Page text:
Assessing Diversification Strategies in Small Coffee Systems of Mesoamerica | 2017-ongoing

Countries: Mexico, Nicaragua

Themes: Diversification in coffee systems, food sovereignty

Partners: USA: Santa Clara University, Community Agroecology Network. Nicaragua: Universidad Nacional Agraria and PRODECOOP. Mexico: El Colegio de la Frontera Sur, and Campesinos Ecológicos de la Sierra Madre de Chiapas

Funders: Agropolis Fondation, Fondazione Cariplo, Fundation Daniel & Nina Carasso

Publication(s): Agroecology and Livelihoods Collaborative & the Gund Institute for Environment (2020). Agroecology and livelihoods in global coffee systems. Diverse, multifunctional farms key to sustainability. Research brief, December 2020.

Anderzén, J., A. Guzmán Luna, D. V. Luna-González, S. C. Merrill, M. Caswell, V. E. Méndez, R. Hernández Jonapá & M. Mier-y-Terán. 2020. Effects of on-farm diversification strategies on smallholder coffee farmer food security and income sufficiency in Chiapas, Mexico. Journal of Rural Studies 77, 33-46. DOI: https://doi.org/10.1016/j.jrurstud.2020.04.001.

The State of the Smallholder Farmer in Central America: Challenges and Opportunities for Sustainable Rural Development | 2020-ongoing

Countries: Guatemala, Honduras, Nicaragua

Themes: Data systematization and analysis

Partners: Lutheran World Relief, Heifer International, Statistics for Sustainable Development

Funders: Lutheran World Relief, Heifer International

Participatory research to support the viability of beekeeping and improve pollinator health in the buffer zone of El Triunfo Biosphere Reserve in Southern Mexico | 2021

Countries: Mexico

Themes: Ecological, economic, and social importance of bees for coffee farmers

Partners: El Colegio de la Frontera Sur (ECOSUR), Campesinos Ecológicos de Sierra Madre de Chiapas (CESMACH).

Funders: Gund Institute for Environment

Link: https://www.uvm.edu/gund/news/buzz-gund-institute-launches-four-apis-fund-projects

PUBLICATIONS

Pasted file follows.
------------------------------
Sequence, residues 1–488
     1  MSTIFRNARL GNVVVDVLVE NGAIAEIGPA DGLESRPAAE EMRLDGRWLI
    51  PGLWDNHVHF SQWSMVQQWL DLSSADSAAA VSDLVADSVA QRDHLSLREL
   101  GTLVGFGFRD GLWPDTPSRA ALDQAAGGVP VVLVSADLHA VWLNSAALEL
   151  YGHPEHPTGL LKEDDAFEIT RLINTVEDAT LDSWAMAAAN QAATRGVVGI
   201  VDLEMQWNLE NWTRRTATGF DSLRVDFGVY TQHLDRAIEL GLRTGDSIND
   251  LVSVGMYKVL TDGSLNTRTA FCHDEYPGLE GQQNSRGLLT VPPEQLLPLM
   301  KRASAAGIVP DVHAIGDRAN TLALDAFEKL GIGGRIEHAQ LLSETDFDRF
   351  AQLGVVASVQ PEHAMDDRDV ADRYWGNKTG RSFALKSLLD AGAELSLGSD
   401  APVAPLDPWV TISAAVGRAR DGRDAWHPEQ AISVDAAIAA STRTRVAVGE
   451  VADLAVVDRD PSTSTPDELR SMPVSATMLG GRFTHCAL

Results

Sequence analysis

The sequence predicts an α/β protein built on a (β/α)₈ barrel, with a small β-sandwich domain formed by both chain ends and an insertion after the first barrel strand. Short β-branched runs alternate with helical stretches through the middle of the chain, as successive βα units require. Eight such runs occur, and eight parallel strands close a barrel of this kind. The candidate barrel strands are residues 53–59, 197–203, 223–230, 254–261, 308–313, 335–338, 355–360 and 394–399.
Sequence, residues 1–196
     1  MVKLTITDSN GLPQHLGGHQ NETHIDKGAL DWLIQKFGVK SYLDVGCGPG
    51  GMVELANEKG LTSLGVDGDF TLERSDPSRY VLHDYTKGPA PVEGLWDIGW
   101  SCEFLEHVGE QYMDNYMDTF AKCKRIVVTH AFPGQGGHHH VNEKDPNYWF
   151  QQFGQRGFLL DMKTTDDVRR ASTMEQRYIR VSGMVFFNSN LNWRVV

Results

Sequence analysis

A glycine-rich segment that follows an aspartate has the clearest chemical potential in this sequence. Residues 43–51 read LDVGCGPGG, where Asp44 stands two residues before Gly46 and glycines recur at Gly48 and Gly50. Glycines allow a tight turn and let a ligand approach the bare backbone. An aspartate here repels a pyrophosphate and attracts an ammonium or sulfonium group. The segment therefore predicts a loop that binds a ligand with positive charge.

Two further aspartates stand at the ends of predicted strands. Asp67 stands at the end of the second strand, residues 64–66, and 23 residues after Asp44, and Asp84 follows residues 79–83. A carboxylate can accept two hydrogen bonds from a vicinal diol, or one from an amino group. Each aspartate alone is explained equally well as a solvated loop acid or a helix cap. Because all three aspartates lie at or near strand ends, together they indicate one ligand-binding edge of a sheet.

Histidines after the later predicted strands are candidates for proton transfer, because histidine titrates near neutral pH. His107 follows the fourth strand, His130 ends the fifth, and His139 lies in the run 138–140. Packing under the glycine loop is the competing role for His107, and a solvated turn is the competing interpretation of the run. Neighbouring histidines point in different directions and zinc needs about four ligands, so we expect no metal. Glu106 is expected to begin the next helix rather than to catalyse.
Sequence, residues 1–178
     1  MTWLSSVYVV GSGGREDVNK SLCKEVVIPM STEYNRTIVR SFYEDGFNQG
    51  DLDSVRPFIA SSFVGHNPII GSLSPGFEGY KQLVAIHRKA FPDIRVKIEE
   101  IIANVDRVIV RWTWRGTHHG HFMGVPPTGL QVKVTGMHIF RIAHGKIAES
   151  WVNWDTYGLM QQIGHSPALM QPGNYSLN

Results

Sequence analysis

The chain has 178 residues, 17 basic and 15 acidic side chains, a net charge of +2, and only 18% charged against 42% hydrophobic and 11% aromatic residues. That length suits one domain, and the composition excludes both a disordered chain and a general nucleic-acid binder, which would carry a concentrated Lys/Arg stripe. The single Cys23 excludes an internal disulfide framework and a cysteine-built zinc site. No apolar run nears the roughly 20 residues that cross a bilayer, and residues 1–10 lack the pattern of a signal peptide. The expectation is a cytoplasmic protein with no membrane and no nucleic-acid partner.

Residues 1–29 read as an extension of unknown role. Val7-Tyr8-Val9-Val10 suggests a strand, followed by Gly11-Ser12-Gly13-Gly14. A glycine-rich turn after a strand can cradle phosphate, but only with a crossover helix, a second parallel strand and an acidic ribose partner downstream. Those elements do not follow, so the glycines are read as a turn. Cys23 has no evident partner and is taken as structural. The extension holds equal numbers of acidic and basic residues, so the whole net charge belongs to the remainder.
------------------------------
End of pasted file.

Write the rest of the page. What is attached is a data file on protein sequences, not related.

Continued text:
Agroecology and livelihoods in global coffee systems. Diverse, multifunctional farms key to sustainability. 2020. Research Brief. Agroecology and Livelihoods Collaborative & the Gund Institute for Environment, University of Vermont. (Español)

Anderzén, J., A. Guzmán Luna, D. V. Luna-González, S. C. Merrill, M. Caswell, V. E. Méndez, R. Hernández Jonapá & M. Mier-y-Terán. 2020. Effects of on-farm diversification strategies on smallholder coffee farmer food security and income sufficiency in Chiapas, Mexico. Journal or Rural Studies 77, 33-46. DOI: https://doi.org/10.1016/j.jrurstud.2020.04.001

Bacon, C., V.E. Méndez and M. Brown (2005) Participatory action-research and support for community development and conservation:  examples from shade coffee landscapes of El Salvador and Nicaragua.  Center for Agroecology and Sustainable Food Systems (CASFS), University of California. Santa Cruz, CA, U.S.A. Available on-line: http://repositories.cdlib.org/casfs/rb/brief_no6/

Bacon C.M., Méndez V.E., Flores M.E., Brown M. (2008) Will “we” achieve the millenium development goals with small-scale coffee growers and their cooperatives? a case study evaluating Fair Trade and organic coffee networks in northern Nicaragua. Center Research Brief # 12. Center for Agroecology and Sustainable Food Systems. University of California: Santa Cruz, CA, USA.

Bacon C.M., Méndez V.E., Gliessman S.R., Goodman D., Fox J.A. (Eds.). (2008) Confronting the coffee crisis: Fair Trade, sustainable livelihoods and ecosystems in Mexico and Central America, MIT Press: Cambridge, MA, USA.

Castro-Tanzi, S., Dietsch, T., Ureña, N., Vindas, L., Chandler, M. 2012. Analysis of management and site factors to improve the sustainability of smallholder coffee production in Tarrazú, Costa Rica. Ag, Eco & Enviro 155. 172-182.

Castro-Tanzi, S., Flores, M., Wanner, N., Dietsch, T.V., Banks, J., Ureña-Retana, N., Chandler, M. 2014. Evaluation of a non-destructive sampling method and a statistical model for predicting fruit load on individual coffee (Coffea arabica) trees. Scientia Horticulturae. 167. 117-126.

Castro-Tanzi, S. 2017.El calcio es un nutriente limitante en cafetales bajo manejo intensivo de fertilizantes en Ultisoles. Agronomía Costarricense. 41(1). 105-119.

Caswell, M., and J. Anderzén. 2018. The Stories Behind the Certification: Perspectives from Fair Trade Coffee Producers. Policy Brief #2. Agroecology and Livelihoods Collaborative (ALC), University of Vermont. (Document includes English and Spanish version)